Sunday

24th Oct 2021

Podcast

Crisis communications

  • The EU Commission's daily midday briefing is now by video-conference only - but it is still going (Photo: Helena Malikova)

Eric Mamer took over last year as chief spokesperson for the European Commission, an institution he's served since mid-1990s.

When journalists were barred from his press room in March because of coronavirus, the amiable Frenchman had to improvise.

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His challenge is to put a crisis to good use: by reaffirming the relevance of the Commission's midday briefing even as member states stretch the rules his institution is meant to enforce to breaking point.

Israel Butler is head of advocacy for Liberties, a Berlin-based civil liberties organisation.

Butler describes how citizens and journalists can frame discussions about Covid-19 in ways that burnish the appeal of democratic freedoms, rather than detract from them.

Author bio

EU Scream is the progressive politics podcast from Brussels. Produced by James Kanter with graphics by Helena Malikova and music by Lara Natale.

You may also subscribe via iTunes, Spotify or from the EU Scream website.

Agenda

Coronabonds clash continues This WEEK

Finance ministers will hold all-important online meeting to find ways to mitigate the econmic fallout from the pandemic and heal wounds between northern and southern member states.

Journalism hit hard by corona crisis

An already fragile business model for journalism might be dealt a lethal blow in the corona crisis. And the freedom of the press itself is coming under extreme pressure, as governments take swift and debilitating measures fighting the pandemic.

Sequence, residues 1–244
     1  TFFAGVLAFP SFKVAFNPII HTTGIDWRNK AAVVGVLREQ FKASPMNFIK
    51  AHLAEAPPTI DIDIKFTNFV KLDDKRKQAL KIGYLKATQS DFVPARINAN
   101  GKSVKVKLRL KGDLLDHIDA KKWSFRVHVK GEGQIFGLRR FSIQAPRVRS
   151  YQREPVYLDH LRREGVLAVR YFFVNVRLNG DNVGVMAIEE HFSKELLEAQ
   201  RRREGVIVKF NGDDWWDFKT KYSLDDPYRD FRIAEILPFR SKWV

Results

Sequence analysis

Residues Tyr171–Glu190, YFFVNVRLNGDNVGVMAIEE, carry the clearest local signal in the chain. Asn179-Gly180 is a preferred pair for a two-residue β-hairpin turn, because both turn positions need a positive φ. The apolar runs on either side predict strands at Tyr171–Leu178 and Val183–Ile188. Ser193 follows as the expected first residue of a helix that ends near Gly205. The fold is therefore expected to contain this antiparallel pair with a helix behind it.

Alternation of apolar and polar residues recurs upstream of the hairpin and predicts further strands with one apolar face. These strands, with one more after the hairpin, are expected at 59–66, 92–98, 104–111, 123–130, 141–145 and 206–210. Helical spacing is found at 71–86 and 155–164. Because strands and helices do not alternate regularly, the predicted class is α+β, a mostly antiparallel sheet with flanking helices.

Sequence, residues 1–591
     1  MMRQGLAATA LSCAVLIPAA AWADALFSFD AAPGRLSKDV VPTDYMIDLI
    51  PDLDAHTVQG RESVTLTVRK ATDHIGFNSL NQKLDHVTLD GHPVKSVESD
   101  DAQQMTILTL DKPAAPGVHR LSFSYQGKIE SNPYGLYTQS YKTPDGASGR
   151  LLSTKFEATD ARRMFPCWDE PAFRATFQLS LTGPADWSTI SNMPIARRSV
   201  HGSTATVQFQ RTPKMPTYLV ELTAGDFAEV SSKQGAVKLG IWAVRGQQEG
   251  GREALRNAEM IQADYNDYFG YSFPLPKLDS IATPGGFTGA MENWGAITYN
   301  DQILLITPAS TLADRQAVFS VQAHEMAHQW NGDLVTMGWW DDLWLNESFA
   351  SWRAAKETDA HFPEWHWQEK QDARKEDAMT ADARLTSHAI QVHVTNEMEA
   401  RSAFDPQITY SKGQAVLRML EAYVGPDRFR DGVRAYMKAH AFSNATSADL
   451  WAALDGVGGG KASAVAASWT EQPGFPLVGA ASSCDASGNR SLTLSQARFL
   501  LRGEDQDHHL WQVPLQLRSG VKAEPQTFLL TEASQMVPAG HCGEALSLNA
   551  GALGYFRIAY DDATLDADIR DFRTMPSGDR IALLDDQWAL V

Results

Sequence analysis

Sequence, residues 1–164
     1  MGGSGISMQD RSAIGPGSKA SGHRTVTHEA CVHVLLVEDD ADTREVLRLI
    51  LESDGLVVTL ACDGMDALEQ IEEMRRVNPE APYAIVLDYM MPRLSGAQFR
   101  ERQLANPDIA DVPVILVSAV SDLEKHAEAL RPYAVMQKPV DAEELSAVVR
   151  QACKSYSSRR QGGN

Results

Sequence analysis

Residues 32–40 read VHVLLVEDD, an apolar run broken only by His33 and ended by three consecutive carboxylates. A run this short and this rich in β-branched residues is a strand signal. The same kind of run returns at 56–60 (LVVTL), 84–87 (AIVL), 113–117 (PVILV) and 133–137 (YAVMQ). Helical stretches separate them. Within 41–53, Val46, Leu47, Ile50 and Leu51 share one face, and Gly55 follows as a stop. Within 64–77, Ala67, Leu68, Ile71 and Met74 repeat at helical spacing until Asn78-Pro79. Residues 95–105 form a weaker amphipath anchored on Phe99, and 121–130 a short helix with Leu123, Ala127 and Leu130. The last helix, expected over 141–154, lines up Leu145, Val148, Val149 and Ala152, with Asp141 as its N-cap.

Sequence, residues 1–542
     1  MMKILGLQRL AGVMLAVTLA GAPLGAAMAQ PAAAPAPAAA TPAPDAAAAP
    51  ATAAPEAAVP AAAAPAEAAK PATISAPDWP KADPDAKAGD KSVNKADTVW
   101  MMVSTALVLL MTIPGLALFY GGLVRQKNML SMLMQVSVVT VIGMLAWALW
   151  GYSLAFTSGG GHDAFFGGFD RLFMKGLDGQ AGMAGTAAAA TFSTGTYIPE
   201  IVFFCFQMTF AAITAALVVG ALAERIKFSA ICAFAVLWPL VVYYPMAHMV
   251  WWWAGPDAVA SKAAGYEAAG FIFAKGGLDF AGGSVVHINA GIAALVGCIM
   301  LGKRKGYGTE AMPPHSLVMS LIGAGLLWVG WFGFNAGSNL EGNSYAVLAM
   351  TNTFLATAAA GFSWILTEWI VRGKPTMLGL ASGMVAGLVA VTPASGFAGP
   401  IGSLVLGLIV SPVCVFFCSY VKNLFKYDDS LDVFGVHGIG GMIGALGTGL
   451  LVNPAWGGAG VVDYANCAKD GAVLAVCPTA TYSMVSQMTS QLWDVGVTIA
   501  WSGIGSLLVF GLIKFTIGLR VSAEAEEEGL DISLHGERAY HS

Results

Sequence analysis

The high price of muzzling media

The coronavirus outbreak has been a pretext for government censorship and a crackdown on journalists, who have been exposed to new criminal charges as well as violent attacks.

Book Club: The Last Bluff

In this first EU Scream Book Club, co-authors of The Last Bluff recount how the world watched in awe — and often admiration — as a scrappy government in Athens tried to stare down Europe's financial and political establishment.

A hunger strike at the heart of Europe

This summer some 450 undocumented workers and migrants in Brussels refused food during two months. They were protesting Belgian immigration rules that human rights officials and campaigners say arbitrarily obstruct them from legal and stable residency.

News in Brief

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  2. China angered as MEPs call for Taiwan talks
  3. Emissions from La Palma volcano reach Brussels
  4. Body of eighth victim of Belarus border-crisis found in river
  5. Report: Syrian bank fiddling currency to evade EU sanctions
  6. Nato adopts plan to counter new Russian threats
  7. Alleged killer of British MP 'felt affiliated' to IS
  8. Coronavirus: Belgium returns to 'red' zone

A hunger strike at the heart of Europe

This summer some 450 undocumented workers and migrants in Brussels refused food during two months. They were protesting Belgian immigration rules that human rights officials and campaigners say arbitrarily obstruct them from legal and stable residency.

Eurocrats who look like Europe

There is a double standard at the heart of the European Commission. Women — mostly white women — benefit from affirmative action when applying for jobs. But people of colour seeking advancement do not benefit from special consideration.

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